Celtics

Jay-Z's five lessons for the Celtics

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Jay-Z's five lessons for the Celtics

Tonight, the Brooklyn Nets are in Boston for an Atlantic Division match-up with the Celtics, but at this point theres no official word on whether Jay-Z will be in attendance.

Why would Jay-Z be in attendance?

I don't know. Because he can?

First of all, Boston's so close. Jay could hop on his jet at 6 pm in New York, be courtside at the Garden before 7:30 and then back home to take care of the baby before midnight. Theres also the fact that this is a huge divisional game coming on the heels of an even huger divisional win. Bottom line: The Nets have a chance to make a statement tonight, and with as visible as Jays been so far, you could see him making the trip.

Then again, it's not on national TV, so . . . probably not.

Either way, here are five servings of wisdom from Brooklyns part-owner that can inspire the Celtics tonight and beyond.

I sell ice in the winter, I sell fire in hell, I am a hustler baby, Ill sell water to a well You Dont Know

Over the last few years, Doc Rivers has been celebrated so tirelessly for his ability to relate to and motivate players, that in a way, we've almost come to take it for granted. Of course, that doesn't mean that Doc's perfect. In fact, despite his reputation as a motivational master, there have been a few nights this season where motivation seemed to be the Celtics biggest issue. Still, the power of Doc can't be understated. Here's Kevin Garnett giving his coach credit for inspiring Boston's big win over OKC.

"San Antonio left a bad taste in our mouth," Garnett said. "I know we can play better than that. I told them I know we can play better than that. Doc set us aside and broke us down as a team and I thought it was very helpful. It kind of clarified the air on guys responsibilities, their roles, and we came out and played like it."

Coming into this season, my biggest concern about Doc's proposed "starting line-up by committee" was that it would screw with the mindsets of the three guys involved, and make it hard for the Celtics to develop an identity. And I think we actually saw that start to take effect. But thankfully, or maybe it was just a coincidence, we also saw Doc finally settle on a rotation. The Celtics have now gone five straight games with Rondo-Terry-Pierce-Bass-KG in the starting lineup, and you have to think it's going to stay that way until Avery Bradley's back in the mix.

With the roles more defined, Doc finally get back to doing what he does best: selling his players on a dream, and convincing them that every word out of his mouth is gospel.

Remind yourself. Nobody built like you, you design yourself. A Dream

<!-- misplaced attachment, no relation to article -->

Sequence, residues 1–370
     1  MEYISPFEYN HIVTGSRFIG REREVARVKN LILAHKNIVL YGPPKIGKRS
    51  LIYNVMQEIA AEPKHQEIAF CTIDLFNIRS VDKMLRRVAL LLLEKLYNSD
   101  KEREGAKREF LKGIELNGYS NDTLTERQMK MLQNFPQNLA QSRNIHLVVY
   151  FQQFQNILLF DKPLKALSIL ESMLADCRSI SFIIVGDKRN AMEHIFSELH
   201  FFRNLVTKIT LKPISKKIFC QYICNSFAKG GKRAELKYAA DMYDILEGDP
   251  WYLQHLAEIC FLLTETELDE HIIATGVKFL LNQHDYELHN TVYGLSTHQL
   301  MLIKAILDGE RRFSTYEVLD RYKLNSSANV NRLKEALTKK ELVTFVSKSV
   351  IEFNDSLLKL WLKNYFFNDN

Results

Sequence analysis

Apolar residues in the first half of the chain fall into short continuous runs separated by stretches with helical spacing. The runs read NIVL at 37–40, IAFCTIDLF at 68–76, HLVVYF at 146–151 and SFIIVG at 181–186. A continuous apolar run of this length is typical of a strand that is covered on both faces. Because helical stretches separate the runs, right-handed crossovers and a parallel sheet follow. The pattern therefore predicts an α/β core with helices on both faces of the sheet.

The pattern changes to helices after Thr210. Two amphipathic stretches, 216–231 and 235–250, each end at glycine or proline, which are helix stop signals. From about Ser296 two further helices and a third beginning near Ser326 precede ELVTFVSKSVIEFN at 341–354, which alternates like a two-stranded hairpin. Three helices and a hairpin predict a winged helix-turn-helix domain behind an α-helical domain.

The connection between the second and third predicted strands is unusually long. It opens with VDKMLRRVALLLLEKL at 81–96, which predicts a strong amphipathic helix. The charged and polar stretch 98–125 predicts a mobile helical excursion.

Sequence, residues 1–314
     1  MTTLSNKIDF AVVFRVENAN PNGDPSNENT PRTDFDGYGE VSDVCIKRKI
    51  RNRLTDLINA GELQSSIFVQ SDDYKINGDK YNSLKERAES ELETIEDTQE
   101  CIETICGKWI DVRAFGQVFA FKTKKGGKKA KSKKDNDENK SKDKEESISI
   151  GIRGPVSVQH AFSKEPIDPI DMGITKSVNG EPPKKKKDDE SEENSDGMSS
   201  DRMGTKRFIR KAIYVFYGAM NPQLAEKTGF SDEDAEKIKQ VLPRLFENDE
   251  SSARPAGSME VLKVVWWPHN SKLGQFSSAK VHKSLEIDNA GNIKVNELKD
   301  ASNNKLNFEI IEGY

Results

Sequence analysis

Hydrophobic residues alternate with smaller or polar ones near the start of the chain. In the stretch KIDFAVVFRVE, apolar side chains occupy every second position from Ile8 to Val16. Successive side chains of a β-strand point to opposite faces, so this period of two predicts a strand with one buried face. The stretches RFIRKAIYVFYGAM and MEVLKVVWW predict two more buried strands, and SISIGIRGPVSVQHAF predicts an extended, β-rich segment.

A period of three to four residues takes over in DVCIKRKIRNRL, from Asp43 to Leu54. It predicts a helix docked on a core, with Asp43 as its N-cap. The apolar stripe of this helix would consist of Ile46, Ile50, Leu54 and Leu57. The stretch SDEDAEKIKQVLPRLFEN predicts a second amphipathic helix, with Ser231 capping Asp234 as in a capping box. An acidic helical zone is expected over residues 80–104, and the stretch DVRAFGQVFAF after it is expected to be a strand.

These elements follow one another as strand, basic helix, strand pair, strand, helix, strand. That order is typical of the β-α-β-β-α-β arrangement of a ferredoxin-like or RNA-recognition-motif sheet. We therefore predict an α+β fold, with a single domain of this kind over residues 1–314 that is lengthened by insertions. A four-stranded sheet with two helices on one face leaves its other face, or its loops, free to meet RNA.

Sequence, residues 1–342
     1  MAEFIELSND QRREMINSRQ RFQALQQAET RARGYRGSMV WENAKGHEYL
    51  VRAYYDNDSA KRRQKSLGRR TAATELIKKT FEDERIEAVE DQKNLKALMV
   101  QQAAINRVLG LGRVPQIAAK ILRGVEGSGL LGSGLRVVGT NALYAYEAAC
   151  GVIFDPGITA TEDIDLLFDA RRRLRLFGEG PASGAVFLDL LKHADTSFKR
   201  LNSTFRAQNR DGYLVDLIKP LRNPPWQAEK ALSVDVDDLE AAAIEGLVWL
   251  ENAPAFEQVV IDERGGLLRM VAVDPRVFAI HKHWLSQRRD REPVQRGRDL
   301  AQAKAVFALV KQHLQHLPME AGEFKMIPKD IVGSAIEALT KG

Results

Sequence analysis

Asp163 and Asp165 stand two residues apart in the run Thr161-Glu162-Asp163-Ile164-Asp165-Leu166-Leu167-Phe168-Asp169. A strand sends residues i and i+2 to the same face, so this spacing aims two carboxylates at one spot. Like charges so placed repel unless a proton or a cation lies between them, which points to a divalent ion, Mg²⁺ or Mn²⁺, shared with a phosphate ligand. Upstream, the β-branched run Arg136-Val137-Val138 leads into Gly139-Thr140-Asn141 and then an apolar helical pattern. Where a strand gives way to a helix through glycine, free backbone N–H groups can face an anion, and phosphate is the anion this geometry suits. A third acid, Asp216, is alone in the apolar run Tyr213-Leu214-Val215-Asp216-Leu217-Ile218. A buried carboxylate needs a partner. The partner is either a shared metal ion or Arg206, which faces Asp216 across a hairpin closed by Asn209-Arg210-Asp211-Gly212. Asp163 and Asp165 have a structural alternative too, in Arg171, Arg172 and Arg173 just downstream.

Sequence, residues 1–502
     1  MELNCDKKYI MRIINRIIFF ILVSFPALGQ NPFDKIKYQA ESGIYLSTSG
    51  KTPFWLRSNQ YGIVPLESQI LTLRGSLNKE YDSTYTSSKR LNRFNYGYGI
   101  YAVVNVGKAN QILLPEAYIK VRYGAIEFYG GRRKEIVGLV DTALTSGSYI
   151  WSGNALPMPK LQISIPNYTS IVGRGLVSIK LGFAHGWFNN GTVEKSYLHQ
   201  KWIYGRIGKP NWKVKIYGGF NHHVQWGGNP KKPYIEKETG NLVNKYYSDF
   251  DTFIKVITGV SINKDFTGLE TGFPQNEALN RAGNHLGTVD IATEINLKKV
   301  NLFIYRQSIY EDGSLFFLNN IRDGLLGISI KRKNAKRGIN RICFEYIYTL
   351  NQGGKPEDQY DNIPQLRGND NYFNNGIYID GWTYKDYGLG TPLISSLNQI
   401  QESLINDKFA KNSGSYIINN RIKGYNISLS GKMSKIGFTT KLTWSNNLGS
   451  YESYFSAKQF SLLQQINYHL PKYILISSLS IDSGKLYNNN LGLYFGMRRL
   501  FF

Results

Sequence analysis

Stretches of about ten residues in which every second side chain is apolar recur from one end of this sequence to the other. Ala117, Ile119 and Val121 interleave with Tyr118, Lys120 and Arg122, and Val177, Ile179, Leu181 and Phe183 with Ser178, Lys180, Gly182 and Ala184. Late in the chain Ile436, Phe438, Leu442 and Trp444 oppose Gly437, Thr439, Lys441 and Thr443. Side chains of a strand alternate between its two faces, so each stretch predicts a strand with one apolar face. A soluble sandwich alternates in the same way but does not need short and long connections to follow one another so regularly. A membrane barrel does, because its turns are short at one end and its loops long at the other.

After a brutal start, Jeff Green has finally shown glimpses of the guy the Celtics need him to be. (Or at the very least, a guy the Celtics can play 20-something minutes a night without feeling like it's 5-on-4.)

But here's the question: Who do the Celtics need him to be?

Have their expectations changed after two months of watching Green closely? Is he still a guy that they believe can be a factor against the Heat? A guy with the ability to grow into one of Boston's most essential and versatile offensive weapons?

I'm not sure.

But I don't think Green needs to spend anymore time worrying about it. In fact, the less time he spends thinking about expectations, the better. Jeff Green just needs to relax and be Jeff Green. And Boston just needs to pray that that's good enough.
Aint nothin wrong with the aim, just gotta change the target. American Dreamin

There's been a strange development in Paul Pierce's game this season. Through 14 games, he's shooting a career-best .431 from three-point land and a career-best .872 from the foul line, BUT . . .

His .428 field goal percentage is his lowest in nine seasons, and the third worst mark of his career. Very weird.

But don't worry, I have a solution: Give it two more weeks, and if things don't clear up, we'll make another appointment and run a few tests.
"If ya'll can't already see, I aint worried about ya'll cause I'm already me." Already Home

At this point, it will probably take another title for Rajon Rondo to officially silence his critics. In the meantime, he'll continue along on his course as one of Boston's most polarizing athletes (and play some damn good basketball along the way). No matter what he does, someone will find a reason to take issue, and set off another long-winded debate.

But guess what? Rondo doesn't care. He's not going to change. He is who he is, and you get the sense he's also pretty happy with who he is. So, you might as well enjoy it.

"Honesty, loyalty, friends and then wealth. Death before dishonor and I tell you what else." Justify My Thug

Back in the September and October, we spent a lot of time comparing this year's team to the 2008 champs. Sure, it was only because they both took a preseason trip to Europe, but the hope was that this year's bonding experience would affect the Celtics in the same way it did back then.